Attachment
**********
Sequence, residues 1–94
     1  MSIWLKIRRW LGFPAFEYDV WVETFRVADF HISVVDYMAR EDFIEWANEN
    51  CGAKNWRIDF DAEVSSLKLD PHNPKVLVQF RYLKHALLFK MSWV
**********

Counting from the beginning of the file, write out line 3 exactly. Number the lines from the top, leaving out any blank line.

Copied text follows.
    51  CGAKNWRIDF DAEVSSLKLD PHNPKVLVQF RYLKHALLFK MSWV